World Alzheimer’s Day

Wednesday, September 9, 2009

 

 

 

World Alzheimer’s Day

 September 23, 2009

 World Alzheimer’s day will be observed this month (September 23, 2009). While the disease is generally known as a form of dementia which is incurable, there is a need to spread awareness about this malady because of the seriousness of the condition and the great burden it places on the caregiver. Last year we had a woman resident at Omashram with this condition and we managed her fairly well but one fine morning she just slipped out, never to be traced in spite of our own efforts to track her down and the police who also searched for her all over but without success.

 About Alzheimer’s disease
 
 Alzheimer’s disease (AD), also called Alzheimer disease, Senile Dementia of the Alzheimer Type (SDAT) or simply Alzheimer’s, is the most common form of dementia. This incurable, degenerative, and terminal disease was first described by German psychiatrist and neuropathologist Alois Alzheimer in 1906 and was named after him.
Alois Alzheimer’s patient Auguste D in 1902. Hers was the first described case of what became known as Alzheimer’s disease.
 
 Generally it is diagnosed in people over 65 years of age, although the less-prevalent early-onset Alzheimer’s can occur much earlier. An estimated 26.6 million people worldwide had Alzheimer’s in 2006; this number may quadruple by 2050.Although the course of Alzheimer’s disease is unique for every individual, there are many common symptoms. The earliest observable symptoms are often mistakenly thought to be ‘age-related’ concerns, or manifestations of stress. In the early stages, the most commonly recognised symptom is memory loss, such as difficulty in remembering recently learned facts. When a doctor or physician has been notified, and AD is suspected, the diagnosis is usually confirmed with behavioural assessments and cognitive tests, often followed by a brain scan if available. As the disease advances, symptoms include confusion, irritability and aggression, mood swings, language breakdown, long-term memory loss, and the general withdrawal of the sufferer as their senses decline. Gradually, bodily functions are lost, ultimately leading to death. Individual prognosis is difficult to assess, as the duration of the disease varies.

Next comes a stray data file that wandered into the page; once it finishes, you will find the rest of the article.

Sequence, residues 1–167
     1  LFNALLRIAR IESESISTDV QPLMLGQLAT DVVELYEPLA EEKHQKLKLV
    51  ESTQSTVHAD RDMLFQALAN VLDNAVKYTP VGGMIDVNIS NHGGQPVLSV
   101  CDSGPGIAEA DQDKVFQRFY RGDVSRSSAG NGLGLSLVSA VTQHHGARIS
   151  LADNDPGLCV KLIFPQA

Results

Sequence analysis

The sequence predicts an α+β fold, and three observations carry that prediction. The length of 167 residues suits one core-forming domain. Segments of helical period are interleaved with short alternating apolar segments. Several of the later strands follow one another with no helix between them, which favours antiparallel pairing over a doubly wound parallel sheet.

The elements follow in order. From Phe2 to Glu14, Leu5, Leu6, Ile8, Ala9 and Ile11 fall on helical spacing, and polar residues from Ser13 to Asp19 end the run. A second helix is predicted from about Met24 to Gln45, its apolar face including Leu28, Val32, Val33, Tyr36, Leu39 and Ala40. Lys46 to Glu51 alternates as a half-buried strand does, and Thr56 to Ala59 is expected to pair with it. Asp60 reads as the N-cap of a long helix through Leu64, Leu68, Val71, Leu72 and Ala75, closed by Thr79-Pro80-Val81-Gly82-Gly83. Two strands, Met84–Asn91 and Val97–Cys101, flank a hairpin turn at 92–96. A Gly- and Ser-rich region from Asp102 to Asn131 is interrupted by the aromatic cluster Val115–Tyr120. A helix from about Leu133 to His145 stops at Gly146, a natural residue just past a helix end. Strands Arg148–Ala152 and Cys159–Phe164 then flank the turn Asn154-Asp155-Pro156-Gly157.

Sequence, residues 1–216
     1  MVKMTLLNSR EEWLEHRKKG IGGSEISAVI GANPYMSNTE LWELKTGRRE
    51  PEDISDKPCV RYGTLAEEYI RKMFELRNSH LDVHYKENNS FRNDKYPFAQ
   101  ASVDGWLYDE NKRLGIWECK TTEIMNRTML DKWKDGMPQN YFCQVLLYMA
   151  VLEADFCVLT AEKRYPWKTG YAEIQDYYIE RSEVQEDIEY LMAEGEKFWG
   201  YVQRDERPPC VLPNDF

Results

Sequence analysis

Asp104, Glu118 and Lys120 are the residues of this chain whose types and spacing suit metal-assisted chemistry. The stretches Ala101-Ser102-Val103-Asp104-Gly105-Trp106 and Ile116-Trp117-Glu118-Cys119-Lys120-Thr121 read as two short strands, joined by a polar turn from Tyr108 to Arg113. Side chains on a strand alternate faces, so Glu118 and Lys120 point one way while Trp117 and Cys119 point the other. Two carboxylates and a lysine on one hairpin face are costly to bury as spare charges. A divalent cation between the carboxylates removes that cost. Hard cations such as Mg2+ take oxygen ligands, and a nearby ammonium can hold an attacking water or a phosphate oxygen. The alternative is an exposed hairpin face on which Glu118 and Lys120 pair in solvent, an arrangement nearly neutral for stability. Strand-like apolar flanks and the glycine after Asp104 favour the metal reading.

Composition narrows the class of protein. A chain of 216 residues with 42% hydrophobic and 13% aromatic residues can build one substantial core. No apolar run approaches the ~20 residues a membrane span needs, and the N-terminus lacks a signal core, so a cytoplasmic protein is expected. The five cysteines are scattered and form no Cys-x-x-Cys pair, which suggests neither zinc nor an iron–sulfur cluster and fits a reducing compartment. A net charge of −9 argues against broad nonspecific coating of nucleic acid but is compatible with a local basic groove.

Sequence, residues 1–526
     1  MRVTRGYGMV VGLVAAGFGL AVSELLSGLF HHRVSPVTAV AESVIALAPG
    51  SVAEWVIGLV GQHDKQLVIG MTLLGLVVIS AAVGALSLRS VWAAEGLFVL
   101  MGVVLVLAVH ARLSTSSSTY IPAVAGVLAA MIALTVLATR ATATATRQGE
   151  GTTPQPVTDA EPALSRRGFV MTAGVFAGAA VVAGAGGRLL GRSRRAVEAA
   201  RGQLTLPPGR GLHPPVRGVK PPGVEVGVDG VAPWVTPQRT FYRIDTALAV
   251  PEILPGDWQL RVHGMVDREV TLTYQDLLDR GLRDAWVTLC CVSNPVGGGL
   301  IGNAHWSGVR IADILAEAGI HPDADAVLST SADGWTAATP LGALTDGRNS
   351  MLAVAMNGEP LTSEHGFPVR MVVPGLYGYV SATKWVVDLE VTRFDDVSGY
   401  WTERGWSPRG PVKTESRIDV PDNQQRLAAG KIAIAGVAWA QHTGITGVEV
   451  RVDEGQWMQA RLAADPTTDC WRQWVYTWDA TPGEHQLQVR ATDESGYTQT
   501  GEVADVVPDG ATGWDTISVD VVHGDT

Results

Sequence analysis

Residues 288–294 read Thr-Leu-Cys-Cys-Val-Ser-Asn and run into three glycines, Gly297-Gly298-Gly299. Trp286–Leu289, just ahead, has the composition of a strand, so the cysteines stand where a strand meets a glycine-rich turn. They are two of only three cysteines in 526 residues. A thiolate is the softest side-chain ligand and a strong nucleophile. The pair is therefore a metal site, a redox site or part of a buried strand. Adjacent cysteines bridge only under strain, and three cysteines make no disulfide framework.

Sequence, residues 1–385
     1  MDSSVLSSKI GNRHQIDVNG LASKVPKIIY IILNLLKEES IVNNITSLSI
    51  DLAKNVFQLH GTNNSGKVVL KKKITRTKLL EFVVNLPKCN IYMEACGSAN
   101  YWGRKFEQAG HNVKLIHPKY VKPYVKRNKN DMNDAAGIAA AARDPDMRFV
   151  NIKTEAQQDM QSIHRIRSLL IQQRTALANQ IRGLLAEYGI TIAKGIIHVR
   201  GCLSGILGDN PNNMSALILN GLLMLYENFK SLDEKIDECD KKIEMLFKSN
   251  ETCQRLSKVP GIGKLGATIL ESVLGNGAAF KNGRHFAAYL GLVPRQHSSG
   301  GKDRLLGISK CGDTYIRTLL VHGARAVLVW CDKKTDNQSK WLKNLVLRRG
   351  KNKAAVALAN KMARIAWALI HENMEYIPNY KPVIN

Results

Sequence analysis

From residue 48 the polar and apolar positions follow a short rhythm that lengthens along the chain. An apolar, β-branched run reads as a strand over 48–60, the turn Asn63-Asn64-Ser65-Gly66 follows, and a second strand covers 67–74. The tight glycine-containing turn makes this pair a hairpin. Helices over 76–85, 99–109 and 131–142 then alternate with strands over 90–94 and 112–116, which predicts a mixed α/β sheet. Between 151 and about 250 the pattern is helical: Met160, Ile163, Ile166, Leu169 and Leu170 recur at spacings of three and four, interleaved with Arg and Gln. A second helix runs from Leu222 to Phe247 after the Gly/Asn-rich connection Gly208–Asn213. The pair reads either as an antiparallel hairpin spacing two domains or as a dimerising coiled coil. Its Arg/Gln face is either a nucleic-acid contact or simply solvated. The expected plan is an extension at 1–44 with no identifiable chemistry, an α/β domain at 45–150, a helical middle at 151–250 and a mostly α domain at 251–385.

AD develops for an indeterminate period of time before becoming fully apparent, and it can progress undiagnosed for years. The mean life expectancy following diagnosis is approximately seven years. Fewer than three percent of individuals live more than fourteen years after diagnosis.The cause and progression of Alzheimer’s disease are not well understood. Research indicates that the disease is associated with plaques and tangles in the brain. Currently used treatments offer a small symptomatic benefit; no treatments to delay or halt the progression of the disease are as yet available. As of 2008, more than 500 clinical trials were investigating possible treatments for AD, but it is unknown if any of them will prove successful. Many measures have been suggested for the prevention of Alzheimer’s disease, but there is a lack of adequate support indicating that the degenerative process can be slowed. Mental stimulation, exercise, and a balanced diet are suggested, as both a possible prevention and a sensible way of managing the disease. Because AD cannot be cured and is degenerative, management of patients is essential. The role of the main caregiver is often taken by the spouse or a close relative. Alzheimer’s disease is known for placing a great burden on caregivers; the pressures can be wide-ranging, involving social, psychological, physical, and economic elements of the caregiver’s life. In developed countries, AD is one of the most economically costly diseases to society.